Copper is an essential nutrient for symbiotic nitrogen fixation. This element is delivered by the host plant to the nodule, where membrane copper transporter would introduce it into the cell to synthesize cuproproteins.
COPT family members in model legume Medicago truncatula were identified and their expression determined. Yeast complementation assays, confocal microscopy, and phenotypical characterization of a Tnt1 insertional mutant line were carried out in the nodule-specific M. truncatula COPT family member.
Medicago truncatula genome encodes eight COPT transporters. MtCOPT1 (Medtr4g019870) is the only nodule-specific COPT gene. It is located in the plasma membrane of the differentiation, interzone and early fixation zones. Loss of MtCOPT1 function results in a copper-mitigated reduction of biomass production when the plant obtains its nitrogen exclusively from symbiotic nitrogen fixation. Mutation of MtCOPT1 results in diminished nitrogenase activity in nodules, likely an indirect effect from the loss of a copper-dependent function, such as cytochrome oxidase activity in copt1-1 bacteroids.
These data are consistent with a model in which MtCOPT1 transports copper from the apoplast into nodule cells to provide copper for essential metabolic processes associated with symbiotic nitrogen fixation.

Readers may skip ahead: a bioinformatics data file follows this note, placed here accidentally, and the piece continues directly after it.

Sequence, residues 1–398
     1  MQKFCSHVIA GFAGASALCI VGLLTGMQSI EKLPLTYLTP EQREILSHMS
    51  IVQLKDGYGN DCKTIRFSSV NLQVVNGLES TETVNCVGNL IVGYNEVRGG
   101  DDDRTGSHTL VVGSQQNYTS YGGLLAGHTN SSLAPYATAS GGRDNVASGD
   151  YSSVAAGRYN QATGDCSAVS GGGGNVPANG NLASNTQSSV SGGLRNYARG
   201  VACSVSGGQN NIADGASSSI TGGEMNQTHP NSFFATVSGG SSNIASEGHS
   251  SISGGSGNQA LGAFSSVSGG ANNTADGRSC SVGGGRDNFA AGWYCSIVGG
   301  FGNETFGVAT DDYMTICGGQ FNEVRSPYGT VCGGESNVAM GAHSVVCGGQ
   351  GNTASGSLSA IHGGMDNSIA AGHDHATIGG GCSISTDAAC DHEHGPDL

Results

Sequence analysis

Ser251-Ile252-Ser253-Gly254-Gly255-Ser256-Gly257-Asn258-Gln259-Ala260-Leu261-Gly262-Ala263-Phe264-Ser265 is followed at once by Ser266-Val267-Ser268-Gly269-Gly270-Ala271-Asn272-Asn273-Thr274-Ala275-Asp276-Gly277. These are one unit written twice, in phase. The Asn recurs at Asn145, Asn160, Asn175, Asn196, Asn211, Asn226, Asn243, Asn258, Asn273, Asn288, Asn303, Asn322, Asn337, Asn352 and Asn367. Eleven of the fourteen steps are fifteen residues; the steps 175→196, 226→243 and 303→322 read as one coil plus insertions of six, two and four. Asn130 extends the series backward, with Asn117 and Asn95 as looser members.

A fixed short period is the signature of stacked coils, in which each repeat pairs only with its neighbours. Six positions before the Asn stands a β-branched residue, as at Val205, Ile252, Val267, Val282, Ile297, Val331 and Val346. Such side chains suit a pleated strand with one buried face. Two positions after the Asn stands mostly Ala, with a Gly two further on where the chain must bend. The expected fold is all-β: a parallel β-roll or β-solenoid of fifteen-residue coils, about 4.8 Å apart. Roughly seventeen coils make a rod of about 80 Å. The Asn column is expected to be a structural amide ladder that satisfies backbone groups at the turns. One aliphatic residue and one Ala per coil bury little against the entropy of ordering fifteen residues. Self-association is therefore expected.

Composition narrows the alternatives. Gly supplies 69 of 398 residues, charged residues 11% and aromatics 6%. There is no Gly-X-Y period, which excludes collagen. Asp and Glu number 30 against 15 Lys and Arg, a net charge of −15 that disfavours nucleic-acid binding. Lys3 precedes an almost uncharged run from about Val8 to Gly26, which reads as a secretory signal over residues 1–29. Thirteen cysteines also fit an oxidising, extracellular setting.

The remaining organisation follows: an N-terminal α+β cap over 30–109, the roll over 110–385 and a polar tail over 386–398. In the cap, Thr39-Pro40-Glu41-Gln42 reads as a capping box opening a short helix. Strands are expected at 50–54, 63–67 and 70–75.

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Boron (B) is an essential micronutrient for seed plants. Information on B-efficiency mechanisms and B-efficient crop and model plant genotypes is very scarce. Studies evaluating the basis and consequences of B-deficiency and B-efficiency are limited by the facts that B occurs as a trace contaminant essentially everywhere, its bioavailability is difficult to control and soil-based B-deficiency growth systems allowing a high-throughput screening of plant populations have hitherto been lacking. The crop plant Brassica napus shows a very high sensitivity towards B-deficient conditions. To reduce B-deficiency-caused yield losses in a sustainable manner, the identification of B-efficient B. napus genotypes is indispensable. We developed a soil substrate-based cultivation system which is suitable to study plant growth in automated high-throughput phenotyping facilities under defined and repeatable soil B conditions. In a comprehensive screening, using this system with soil B concentrations below 0.1 mg B (kg soil)-1, we identified three highly B-deficiency tolerant B. napus cultivars (CR2267, CR2280 and CR2285) amongst a genetically diverse collection comprising 590 accessions from all over the world. The B-efficiency classification of cultivars was based on a detailed assessment of various physical and high-throughput imaging-based shoot and root growth parameters in soil substrate or in in vitro conditions, respectively. We identified cultivar-specific patterns of B-deficiency-responsive growth dynamics. Elemental analysis revealed striking differences only in B contents between contrasting genotypes when grown under B-deficient but not under standard conditions. Results indicate that B-deficiency tolerant cultivars can grow with a very limited amount of B which is clearly below previously described critical B-tissue concentration values. These results suggest a higher B utilization efficiency of CR2267, CR2280 and CR2285 which would represent a unique trait amongst so far identified B-efficient B. napus cultivars which are characterized by a higher B-uptake capacity. Testing various other nutrient deficiency treatments, we demonstrated that the tolerance is specific for B-deficient conditions and is not conferred by a general growth vigor at the seedling stage. The identified B-deficiency tolerant cultivars will serve as genetic and physiological ‘tools’ to further understand the mechanisms regulating the B nutritional status in rapeseed and to develop B-efficient elite genotypes.